An epic train journey brought us into Lhasa, the once forbidden city on the Tibetan Plateau. Maybe its most prominent sight is the Potala Palace, built in the 17th century and formerly the winter residence of the Dalai Lama. This imposing 13-storey building dominates the cityscape and includes literally hundreds of rooms full of ancient Tibetan art including the ornamented tombs of the previous Dalai Lamas. As the palace has to be approached over long and steep staircases, it might be wise to postpone a visit for some days until one gets accustomed to the altitude of almost 3700 m. A more relaxed place to start exploring is the Norbulingka, the former summer residence of the Dalai Lama. Small pavillons are scattered across the park-like palace grounds and the atmosphere is very quiet. While the Potala and Norbulingka are now mere museums almost without religious meaning, Tibetan Buddhism still thrives in the temples and monasteries. The most sacred place in entire Tibet is the Jokhang Temple where every day throngs of pilgrims congregate for their prayers. A visit in the early morning before other tourists arrive is probably the best choice. Afterwards, it is possible to join the prayer-wheel spinning pilgrims in circumambulating the temple on the Barkhor. Lhasa offers a number of other places very well worth visiting, including the Drepung Monastery, which dates back to the 15th century and once stood among the largest monasteries in the world.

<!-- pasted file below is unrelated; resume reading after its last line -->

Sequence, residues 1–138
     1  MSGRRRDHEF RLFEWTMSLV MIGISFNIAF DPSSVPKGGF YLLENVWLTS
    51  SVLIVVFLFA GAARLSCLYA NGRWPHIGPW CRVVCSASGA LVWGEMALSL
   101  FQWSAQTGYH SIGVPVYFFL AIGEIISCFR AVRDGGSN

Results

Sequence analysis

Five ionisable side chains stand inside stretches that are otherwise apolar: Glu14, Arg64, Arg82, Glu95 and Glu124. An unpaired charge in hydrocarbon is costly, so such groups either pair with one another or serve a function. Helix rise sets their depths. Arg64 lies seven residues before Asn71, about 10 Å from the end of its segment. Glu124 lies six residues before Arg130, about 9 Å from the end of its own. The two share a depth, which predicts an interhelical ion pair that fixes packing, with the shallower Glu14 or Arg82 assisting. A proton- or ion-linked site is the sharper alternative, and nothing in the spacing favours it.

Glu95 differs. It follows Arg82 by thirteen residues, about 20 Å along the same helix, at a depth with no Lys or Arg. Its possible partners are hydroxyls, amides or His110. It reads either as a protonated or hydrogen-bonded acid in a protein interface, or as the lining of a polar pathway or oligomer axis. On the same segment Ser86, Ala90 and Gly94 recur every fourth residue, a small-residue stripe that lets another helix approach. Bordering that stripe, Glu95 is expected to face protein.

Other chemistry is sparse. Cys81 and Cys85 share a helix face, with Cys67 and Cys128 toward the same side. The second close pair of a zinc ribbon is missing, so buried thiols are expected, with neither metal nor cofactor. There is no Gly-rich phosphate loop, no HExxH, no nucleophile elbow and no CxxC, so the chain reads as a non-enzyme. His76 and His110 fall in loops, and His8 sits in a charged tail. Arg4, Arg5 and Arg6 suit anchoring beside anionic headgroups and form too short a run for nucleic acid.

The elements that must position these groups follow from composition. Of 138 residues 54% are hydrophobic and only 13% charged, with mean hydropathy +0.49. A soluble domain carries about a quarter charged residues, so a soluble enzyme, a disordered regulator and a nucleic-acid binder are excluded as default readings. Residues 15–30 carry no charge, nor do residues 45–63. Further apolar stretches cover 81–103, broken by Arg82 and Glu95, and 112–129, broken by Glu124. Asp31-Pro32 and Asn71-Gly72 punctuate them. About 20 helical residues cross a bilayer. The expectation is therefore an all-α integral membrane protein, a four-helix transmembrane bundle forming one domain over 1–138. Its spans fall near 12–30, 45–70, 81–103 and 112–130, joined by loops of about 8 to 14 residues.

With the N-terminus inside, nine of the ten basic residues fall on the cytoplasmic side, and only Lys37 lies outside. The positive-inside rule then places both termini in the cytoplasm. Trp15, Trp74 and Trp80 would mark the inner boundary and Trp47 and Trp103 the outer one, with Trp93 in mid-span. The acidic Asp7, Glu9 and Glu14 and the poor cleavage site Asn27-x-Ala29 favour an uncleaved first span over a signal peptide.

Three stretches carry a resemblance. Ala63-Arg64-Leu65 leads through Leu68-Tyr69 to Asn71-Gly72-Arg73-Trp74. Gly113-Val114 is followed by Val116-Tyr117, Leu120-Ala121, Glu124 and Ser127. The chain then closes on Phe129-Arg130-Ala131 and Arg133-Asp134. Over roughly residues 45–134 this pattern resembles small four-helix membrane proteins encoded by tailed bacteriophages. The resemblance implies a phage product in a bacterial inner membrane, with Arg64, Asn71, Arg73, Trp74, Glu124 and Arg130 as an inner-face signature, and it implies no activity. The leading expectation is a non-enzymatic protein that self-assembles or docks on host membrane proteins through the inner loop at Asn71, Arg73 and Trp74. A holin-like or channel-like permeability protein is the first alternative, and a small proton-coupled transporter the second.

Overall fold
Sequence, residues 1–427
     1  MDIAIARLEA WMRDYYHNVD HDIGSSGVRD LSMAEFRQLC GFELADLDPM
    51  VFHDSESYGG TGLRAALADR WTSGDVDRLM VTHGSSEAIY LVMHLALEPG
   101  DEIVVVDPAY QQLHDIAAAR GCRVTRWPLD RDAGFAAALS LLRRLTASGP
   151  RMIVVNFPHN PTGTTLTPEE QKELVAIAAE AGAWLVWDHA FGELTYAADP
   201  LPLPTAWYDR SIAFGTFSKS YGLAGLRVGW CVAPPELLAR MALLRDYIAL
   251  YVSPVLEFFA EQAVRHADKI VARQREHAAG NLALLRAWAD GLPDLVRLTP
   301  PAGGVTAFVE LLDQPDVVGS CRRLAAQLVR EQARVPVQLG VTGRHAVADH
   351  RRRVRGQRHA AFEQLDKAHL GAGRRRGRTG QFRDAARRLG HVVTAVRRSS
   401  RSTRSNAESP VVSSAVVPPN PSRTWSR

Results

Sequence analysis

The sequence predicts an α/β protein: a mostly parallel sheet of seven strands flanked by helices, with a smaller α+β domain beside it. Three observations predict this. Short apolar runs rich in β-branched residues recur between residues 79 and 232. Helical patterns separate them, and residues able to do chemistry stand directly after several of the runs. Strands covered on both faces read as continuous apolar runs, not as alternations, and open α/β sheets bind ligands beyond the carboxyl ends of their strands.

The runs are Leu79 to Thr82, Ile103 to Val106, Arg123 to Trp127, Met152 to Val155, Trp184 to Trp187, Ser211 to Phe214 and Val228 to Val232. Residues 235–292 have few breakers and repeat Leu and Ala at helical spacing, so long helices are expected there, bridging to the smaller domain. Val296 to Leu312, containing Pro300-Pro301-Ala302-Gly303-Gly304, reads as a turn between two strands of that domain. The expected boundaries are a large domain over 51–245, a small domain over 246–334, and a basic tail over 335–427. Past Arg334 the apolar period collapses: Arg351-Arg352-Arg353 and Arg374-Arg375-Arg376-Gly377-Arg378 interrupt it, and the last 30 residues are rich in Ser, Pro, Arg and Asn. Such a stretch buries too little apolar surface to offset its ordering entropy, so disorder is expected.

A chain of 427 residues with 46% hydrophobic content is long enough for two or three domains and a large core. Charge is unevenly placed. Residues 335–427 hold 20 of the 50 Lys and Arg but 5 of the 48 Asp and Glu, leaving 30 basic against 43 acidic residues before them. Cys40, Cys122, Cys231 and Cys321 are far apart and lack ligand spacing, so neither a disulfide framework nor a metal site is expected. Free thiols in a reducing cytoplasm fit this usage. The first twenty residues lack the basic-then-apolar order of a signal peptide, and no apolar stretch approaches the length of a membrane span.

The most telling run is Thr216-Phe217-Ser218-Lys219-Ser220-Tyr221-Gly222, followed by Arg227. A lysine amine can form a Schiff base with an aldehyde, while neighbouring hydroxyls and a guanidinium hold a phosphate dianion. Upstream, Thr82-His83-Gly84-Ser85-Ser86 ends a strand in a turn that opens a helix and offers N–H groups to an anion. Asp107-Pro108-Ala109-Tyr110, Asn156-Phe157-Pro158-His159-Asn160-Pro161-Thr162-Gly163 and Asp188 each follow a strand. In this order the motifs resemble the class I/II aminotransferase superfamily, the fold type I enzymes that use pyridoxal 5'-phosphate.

Maybe the best thing about this journey to Lhasa was the feeling of exploration as we did not come here with a tourist group, but as individual backpackers! Unfortunately, money is a big issue as a student and we did not have the finances to get the permits and transportation to see places further afield in Tibet. Nevertheless, we were able to join at least a day trip to nearby Nam-tso Lake – but this is covered in the next post! 🙂